To configure the release pipeline, we need:
AAD app registration
An Azure DevOps project linked to the LCS project above
A service account
I recommend the user to be a service account with a non-expiring password and enough privileges on LCS, Azure and Azure DevOps (well, this is not a recommendation, without rights this cannot be done). This is not mandatory and can be done even with your user (if it has enough rights) for testing purposes.
AAD app creation
The first step to take is creating an app registration on Azure Active Directory to upload the generated deployable package to LCS. Head to Azure portal and once logged in go to Azure ActiveDirectory, then App Registrations and create a new Native app:
Next go to “Settings” and “Required permissions” to add the Dynamics Lifecycle Services API:
Select the only available permission in step 2 and accept until it appears on the “Required permissions” screen. Finally push the “Grant permissions” button to apply the changes:
This last step can be easily forgotten and the package upload to LCS cannot be done if not granted. Once done take note of the Application ID, we’ll use it later.
Create the release pipeline in DevOps
Before setting up anything on Azure DevOps we need to make sure the project we’re going to use is linked to LCS. This can be done in the “Visual Studio Team Services” tab in LCS’ project settings.
After setting it up, we’ll go to Pipelines -> Releases to create the new release. Select “New release pipeline” and choose “Empty job” from the list.
On the artifact box select the build which we will link to this release definition:
Pick the build definition you want to use for the release in “Source”, “Latest” in “Default version” and push “Add”.
The next step we’ll take is adding a Task with the release pipeline for Dynamics. Go to the Tasks tab and press the plus button. A list with extension will appear, look for “Dynamics 365 Unified Operations Tools”:
If the extension hasn’t been added previously it can be done in this screen. In order to add it, the user used to create the release must have admin rights on the Azure DevOps account, not only in the project in which we’re creating the pipeline.
When the task is created we need to fill some parameters:
Creating the LCS connection
The first step in the task is setting up the link to LCS using the AAD app we created before. Press New and let’s fill the fields in the following screen:
It’s only necessary to fill in the connection name, username, password (from the user and Application (Client) ID fields. Use the App ID we got in the first step for the App ID field. The endpoint fields should be automatically filled in. Finally, press OK and the LCS connection is ready.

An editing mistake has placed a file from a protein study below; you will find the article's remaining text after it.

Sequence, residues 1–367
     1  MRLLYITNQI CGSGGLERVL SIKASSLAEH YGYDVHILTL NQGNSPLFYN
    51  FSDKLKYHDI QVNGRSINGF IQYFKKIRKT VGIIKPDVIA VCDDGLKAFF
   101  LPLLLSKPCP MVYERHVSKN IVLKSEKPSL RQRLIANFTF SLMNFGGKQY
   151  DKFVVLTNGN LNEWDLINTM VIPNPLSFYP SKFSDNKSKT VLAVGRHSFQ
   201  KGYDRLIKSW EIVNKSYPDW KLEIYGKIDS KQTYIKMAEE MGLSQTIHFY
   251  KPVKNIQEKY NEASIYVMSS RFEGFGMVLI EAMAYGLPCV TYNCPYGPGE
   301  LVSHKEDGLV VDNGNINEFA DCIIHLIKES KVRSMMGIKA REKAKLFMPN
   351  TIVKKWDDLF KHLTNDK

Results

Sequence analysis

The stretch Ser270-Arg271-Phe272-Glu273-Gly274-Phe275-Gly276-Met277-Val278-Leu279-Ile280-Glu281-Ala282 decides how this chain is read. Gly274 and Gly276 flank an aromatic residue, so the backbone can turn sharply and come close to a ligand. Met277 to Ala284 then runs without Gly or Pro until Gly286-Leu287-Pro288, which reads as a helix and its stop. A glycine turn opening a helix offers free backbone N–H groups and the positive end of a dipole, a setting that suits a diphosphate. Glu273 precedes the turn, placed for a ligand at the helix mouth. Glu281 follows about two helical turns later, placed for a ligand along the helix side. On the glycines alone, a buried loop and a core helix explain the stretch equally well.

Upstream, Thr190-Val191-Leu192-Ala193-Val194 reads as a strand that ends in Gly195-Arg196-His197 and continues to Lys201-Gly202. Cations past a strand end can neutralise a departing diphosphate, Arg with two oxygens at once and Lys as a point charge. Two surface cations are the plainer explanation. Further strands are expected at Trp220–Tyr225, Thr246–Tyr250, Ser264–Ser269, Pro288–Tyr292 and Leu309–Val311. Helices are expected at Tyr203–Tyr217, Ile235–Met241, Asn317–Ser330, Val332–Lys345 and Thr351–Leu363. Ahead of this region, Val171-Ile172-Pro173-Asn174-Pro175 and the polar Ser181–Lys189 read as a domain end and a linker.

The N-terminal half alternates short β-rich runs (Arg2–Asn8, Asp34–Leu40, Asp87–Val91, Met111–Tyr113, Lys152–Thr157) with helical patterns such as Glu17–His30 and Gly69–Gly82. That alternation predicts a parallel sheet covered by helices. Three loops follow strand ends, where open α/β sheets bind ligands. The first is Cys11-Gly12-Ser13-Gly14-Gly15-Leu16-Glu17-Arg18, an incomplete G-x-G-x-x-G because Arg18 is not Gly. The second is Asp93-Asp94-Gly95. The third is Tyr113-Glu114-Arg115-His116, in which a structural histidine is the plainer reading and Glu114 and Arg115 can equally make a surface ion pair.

In the LCS Project Id field, use the ID from the LCS project URL, for example in https://lcs.dynamics.com/V2/ProjectOverview/1234567 the project is is 1234567.
Press the button next to “File to upload” and select the deployable package file generated by the build:
If the build definition hasn’t been modified, the output DP will have a name like AXDeployableRuntime_VERSION_BUILDNUMBER.zip. Change the fixed Build Number for the DevOps variable $(Build.BuildNumber) like in the image below:
The package name and description in LCS are defined in “LCS Asset Name” and “LCS Asset Description”. For these fields, Azure DevOps’ build variables and release variables can be used. Use whatever fits your project, for example a prefix to distinguish between prod and pre-prod packages followed by $(Build.BuildNumber), will upload the DP to LCS with a name like Prod 2019.1.29.1, using the date as a DP name.
Save the task and release definition and let’s test it. In the Releases select the one we have just created and press the “Create a release” button, in the dialog just press OK. The release will start and, if everything is OK we’ll see the DP in LCS when it finishes:
The release part can be automated, just press the lightning button on the artifact and enable the trigger:
And that’s all! Now the build and the releases are both configured. Once the deployment package is published the CI scenario will be complete.